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- Are you sure the text on the Museum pics are right this time ?? ;-), ;-), Oddrun 03:24, 3 September 2007 (MDT)
Sure, sure ... what's sure today, my dear??? ;-) For sure is that W Brown photographed mostly between c 1900 and c 1920 ... and that the rock sceenery in the back is off South Harbour Fair Isle (well, nearly sure, but I bet a fiver ...) ;-) ... for sure is, that it is stamped on the postcard I have ... :-)
Now, what makes it damned unsure is the fact, that different variations of the pic were printed, with at least 3 published on the museum's website thereof one (that set into a black oval with the partly readable postcard title on it) having the same feature as on my postcard: just right below the skipper there is something what might be a (different) name, absolutely unreadable and not to judge whether it was a later add to the print for publishing or an original name scratched before printing ... ;-) That's why I wanted to point to these museum pics ... ;-) Islandhopper 04:28, 3 September 2007 (MDT)
Weird one.... Where I put a date on one of my old postcards 'pre. 1900' it means that the postmark on the postcard is 1900.. Unless of course there is some other way of dating the pic earlier. Sadly I only have the scans here, not the actual cards, so there is every chance I made a mistake.
There is of course the possibility that the card was printed, sold, and used all in 1900, so 1900 might be postmark date, and photo date..
I can't remember what it said on the card, but memory tells me that it said something about Fair Isle mail boat,, does that make any sense??
Robbie 08:07, 3 September 2007 (MDT)
- The name board immediately below the skipper says "Fair Isle", I'm 90+% sure, it's more or less readable on this version when it's enlarged and lightened. http://photos.shetland-museum.org.uk/index.php?a=wordsearch&s=item&key=WczoxNDoiRmFpciBJc2xlIFlvYWwiOw==&pg=15
- Most, if not all of the crew are identified on this one. Difficult to say which man is which from the three bearded ones wearing brimmed caps, but the other three are easier. http://photos.shetland-museum.org.uk/index.php?a=wordsearch&s=item&key=WczoxNDoiRmFpciBJc2xlIFlvYWwiOw==&pg=1
- Ghostrider 10:07, 3 September 2007 (MDT)
Right, at least the part "isle" is comming pritty clear. On that shown by my first link there is a bit of title / caption which might come from a postcard saying "(covered) then 't and crew'" what might fit with Robbie's remembered "Fair Isle mailboat and crew" ... ;-) Islandhopper 10:55, 3 September 2007 (MDT)
One of the aspects of yoals which always struck me as being weird was the painting. In the caption to the image of the outboard motor powered yoal is the following text:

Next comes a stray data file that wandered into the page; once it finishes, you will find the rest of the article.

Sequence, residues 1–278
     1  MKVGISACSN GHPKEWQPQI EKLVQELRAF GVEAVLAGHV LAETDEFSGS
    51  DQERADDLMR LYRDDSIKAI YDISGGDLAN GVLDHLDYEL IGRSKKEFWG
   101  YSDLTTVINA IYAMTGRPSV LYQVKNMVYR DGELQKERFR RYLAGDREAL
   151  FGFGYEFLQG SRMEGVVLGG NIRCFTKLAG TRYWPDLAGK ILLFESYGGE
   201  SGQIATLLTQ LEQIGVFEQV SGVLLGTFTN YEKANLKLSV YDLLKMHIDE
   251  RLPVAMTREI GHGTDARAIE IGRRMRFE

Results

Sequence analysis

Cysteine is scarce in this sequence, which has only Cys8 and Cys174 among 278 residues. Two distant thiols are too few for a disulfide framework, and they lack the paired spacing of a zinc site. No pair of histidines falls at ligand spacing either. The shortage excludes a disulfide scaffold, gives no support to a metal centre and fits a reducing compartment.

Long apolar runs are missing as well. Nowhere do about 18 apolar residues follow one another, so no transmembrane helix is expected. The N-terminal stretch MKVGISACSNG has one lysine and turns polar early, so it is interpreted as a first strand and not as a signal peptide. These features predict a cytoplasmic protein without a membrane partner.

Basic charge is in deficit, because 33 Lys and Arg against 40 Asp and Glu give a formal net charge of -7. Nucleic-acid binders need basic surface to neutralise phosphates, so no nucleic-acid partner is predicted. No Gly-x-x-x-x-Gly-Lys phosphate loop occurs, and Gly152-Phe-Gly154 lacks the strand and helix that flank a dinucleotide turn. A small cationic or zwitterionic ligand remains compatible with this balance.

"Note, tradition dictates that paint follows line of upper two boards, and doesn't follow the waterline."
As the image itself shows (as well as that of the "Ivy"), there are indeed yoals painted in this manner. I wonder, however, as to how traditional this is. The "two colour" scheme with transition not following the waterline is certainly the case, but I thought that most old yoals had the transition running parallel to the gunwales rather than along the edge of the plank. This painting scheme can be seen in many of the other images linked from the site. Is this not the old tradition and the idea of following the planks a more recent variation?
- Very good point/question. A lot of the information included in the article, including that bit, comes from personal memories of growing up among yoals, and listening to the old men talking about them. Possibly this habit of painting just the top 2 boards was a Ness tradition only, and perhaps other areas followed the gunwale line. Certainly I have seen cases of the latter, but I also found reference to the former published elsewhere which lead me to the conclusion that following the board line was indeed traditional.
I remember one old yoal owner, many moons ago while he was painting his yoal on the Spiggie Beach, telling me, "It's a damned sight easier to follow a board with a paint brush". I think he was referring to how much easier it was than my fathers boat, not a yoal, in which case the paint 'tried' to follow a parallel line.
As is the case with most of the yoal article, local variations will always make it difficult/impossible to fix any fact as certain, in a way which will cover all the examples of the craft. I'll do some more research into this and see if perhaps I can narrow this tradition down to a specific area, or time period.
Any information, and examples of variations to the article we have are of great interest to me. And as information comes in the text of the article will be updated to reflect these variations. Especially where variations can be pinned down to a certain area, or boat builder.
Robbie 22:04, 24 October 2007 (MDT)
If the boat was going to be left afloat on a mooring, it would need to have anti-fouling to the waterline, but if it was to be kept on the beach and launched only when it was to be used, no A/F paint would be required. That might explain different painting regimes.
Heimdal 16:27, 25 October 2007 (MDT)